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White House Chief of Staff John Kelly and Deputy Chief of Staff Kirstjen Nielsen speak together as they walk across the South Lawn of the White House. Andrew Harnik / AP

Chief of Staff John Kelly has had one, very public mission since he assumed his role in the White House: keep Trump in line and run a tight ship. But after just six weeks on the job, it's become clear he needs backup — so he appointed Kirstjen Nielsen as his No. 2 last Wednesday, per NYT.

His thinking: Appoint someone "who is willing to be hated," NYT's Maggie Haberman and Glenn Thrush write.

What she'll be doing:

  • Her official role is assistant to the president and Kelly's principal deputy.
  • Maintaining a list of the aides Kelly deems unfit to attend "serious" meetings — most notably Omarosa Manigault, who reportedly frequently drops in various meetings uninvited.
  • Sending "principals only" emails that announce internal policy and planning and, like the above, keeping unwanted folks out.

Why now: Trump's seven months in office have been anything but quiet, and Kelly recognizes he can only do so much. And as the sudden resignations and terminations continue (think: James Comey, Reince Priebus and Steve Bannon), Kelly will have to make some tough decisions moving forward to keep things tame. This is easier done by adding people like Nielsen, Kelly's "brusque, no-nonsense longtime aide."

The winning strategy: "Slowly and methodically, Kelly is replacing the bomb-throwing reality-TV types Mr. Trump feels most comfortable around with competent professionals capable of stabilizing the West Wing."

Go deeper

U.S. grants temporary protected status to thousands of Venezuelans

Venezuelan citizens participate in the vote for the popular consultation in December 2020, as part of a protest against Venezuelan President Nicolás Maduro in Doral, Florida. Photo: Chandan Khanna/AFP

Venezuelans living in the United States will be eligible to receive temporary protected status for 18 months, the Department of Homeland Security announced Monday.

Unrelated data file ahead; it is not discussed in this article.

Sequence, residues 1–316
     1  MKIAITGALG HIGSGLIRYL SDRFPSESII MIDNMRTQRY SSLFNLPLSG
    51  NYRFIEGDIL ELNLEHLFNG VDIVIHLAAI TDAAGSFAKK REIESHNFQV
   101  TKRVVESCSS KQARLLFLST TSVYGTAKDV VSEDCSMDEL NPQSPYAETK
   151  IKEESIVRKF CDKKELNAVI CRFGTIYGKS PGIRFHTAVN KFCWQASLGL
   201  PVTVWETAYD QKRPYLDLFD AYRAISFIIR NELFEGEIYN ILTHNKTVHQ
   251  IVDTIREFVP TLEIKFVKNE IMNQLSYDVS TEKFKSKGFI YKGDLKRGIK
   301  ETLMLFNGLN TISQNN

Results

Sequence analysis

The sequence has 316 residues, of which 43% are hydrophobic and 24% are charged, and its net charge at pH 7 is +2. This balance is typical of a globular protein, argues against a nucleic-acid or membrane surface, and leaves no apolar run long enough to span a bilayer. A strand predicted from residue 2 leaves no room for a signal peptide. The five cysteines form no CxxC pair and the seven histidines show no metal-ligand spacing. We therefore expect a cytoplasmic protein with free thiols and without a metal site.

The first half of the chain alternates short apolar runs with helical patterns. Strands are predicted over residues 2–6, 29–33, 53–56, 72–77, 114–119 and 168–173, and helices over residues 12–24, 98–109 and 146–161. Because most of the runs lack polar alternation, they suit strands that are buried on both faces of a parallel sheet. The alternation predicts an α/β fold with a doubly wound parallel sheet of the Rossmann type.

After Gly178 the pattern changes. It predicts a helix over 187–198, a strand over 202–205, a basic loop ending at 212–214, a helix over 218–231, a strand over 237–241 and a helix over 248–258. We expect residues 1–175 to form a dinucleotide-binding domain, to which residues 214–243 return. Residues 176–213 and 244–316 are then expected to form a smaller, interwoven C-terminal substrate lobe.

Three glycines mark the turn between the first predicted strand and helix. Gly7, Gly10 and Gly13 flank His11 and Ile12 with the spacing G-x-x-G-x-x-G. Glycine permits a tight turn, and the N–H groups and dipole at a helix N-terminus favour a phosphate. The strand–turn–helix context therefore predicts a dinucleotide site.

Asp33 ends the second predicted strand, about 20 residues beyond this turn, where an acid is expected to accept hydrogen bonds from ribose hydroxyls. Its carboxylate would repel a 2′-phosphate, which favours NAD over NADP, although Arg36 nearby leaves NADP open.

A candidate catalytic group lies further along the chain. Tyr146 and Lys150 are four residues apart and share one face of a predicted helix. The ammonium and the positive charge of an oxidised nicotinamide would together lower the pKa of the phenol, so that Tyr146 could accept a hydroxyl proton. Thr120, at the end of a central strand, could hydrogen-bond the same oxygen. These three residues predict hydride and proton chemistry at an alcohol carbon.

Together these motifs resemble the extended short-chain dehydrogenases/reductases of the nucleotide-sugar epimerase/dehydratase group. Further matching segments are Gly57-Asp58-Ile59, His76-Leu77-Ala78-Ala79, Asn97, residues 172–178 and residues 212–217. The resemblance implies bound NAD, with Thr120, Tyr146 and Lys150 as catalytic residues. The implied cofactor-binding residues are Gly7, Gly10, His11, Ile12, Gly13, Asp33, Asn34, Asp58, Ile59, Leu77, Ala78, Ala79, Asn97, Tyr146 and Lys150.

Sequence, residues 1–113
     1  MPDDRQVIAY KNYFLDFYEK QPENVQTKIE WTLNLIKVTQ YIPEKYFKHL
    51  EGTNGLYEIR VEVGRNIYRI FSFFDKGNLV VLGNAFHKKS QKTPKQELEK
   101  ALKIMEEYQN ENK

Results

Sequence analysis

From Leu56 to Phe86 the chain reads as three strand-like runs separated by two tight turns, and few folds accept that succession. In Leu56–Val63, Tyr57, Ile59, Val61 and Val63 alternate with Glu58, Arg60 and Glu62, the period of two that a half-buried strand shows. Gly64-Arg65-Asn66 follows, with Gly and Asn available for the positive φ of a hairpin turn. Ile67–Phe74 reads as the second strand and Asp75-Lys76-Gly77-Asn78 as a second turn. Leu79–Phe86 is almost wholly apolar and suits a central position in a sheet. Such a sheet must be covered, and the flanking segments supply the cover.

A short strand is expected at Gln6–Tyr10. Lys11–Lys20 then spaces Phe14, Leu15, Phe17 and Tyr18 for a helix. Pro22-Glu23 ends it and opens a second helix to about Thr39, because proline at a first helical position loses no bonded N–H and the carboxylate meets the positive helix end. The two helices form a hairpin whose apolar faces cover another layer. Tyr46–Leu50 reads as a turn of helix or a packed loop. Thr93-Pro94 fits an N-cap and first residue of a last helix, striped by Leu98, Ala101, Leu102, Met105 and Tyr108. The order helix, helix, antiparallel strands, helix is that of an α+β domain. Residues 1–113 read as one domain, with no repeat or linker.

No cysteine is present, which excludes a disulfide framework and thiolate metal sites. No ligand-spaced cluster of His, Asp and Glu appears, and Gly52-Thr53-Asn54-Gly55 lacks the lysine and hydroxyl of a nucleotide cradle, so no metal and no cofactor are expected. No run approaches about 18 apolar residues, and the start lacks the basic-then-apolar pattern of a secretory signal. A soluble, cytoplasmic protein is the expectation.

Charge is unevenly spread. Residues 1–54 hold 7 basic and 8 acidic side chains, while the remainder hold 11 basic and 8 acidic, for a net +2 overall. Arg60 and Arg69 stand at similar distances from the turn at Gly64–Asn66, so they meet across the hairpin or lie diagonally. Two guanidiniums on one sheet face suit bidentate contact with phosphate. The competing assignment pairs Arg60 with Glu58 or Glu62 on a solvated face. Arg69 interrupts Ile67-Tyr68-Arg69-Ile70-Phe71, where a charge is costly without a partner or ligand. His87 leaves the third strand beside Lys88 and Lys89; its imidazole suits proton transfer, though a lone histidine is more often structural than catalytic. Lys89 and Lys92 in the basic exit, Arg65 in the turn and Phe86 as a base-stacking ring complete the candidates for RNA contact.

Why it matters: Tens of thousands of Venezuelans have fled to the U.S. amid economic, political and social turmoil back home. Former President Trump, on his last full day in office, granted some protections to Venezuelans through the U.S. Deferred Enforced Departure program, but advocates and lawmakers said the move didn't go far enough.

"She-cession" threatens economic recovery

Illustration: Sarah Grillo

Decades of the slow economic progress women made catching up to men evaporated in just one year.

Why it matters: As quickly as those gains were erased, it could take much, much longer for them to return — a warning Treasury Secretary Janet Yellen issued today.

The Week America Changed

Sandberg thought Zuckerberg was "nuts" on remote work in January 2020

Photo illustration: Sarah Grillo/Axios. Photo: Paul Marotta/Getty Image

Chief operating officer Sheryl Sandberg thought Mark Zuckerberg was "nuts" when he raised the possibility in January 2020 that 50,000 Facebook employees might have to work from home. By March 6, they were.

Why it matters: In an interview Monday with Axios Re:Cap, Sandberg explained how Facebook moved quickly to respond to the pandemic with grants for small businesses and work-from-home stipends for its employees, and how the company has been watching the unfolding crisis for women in the workforce.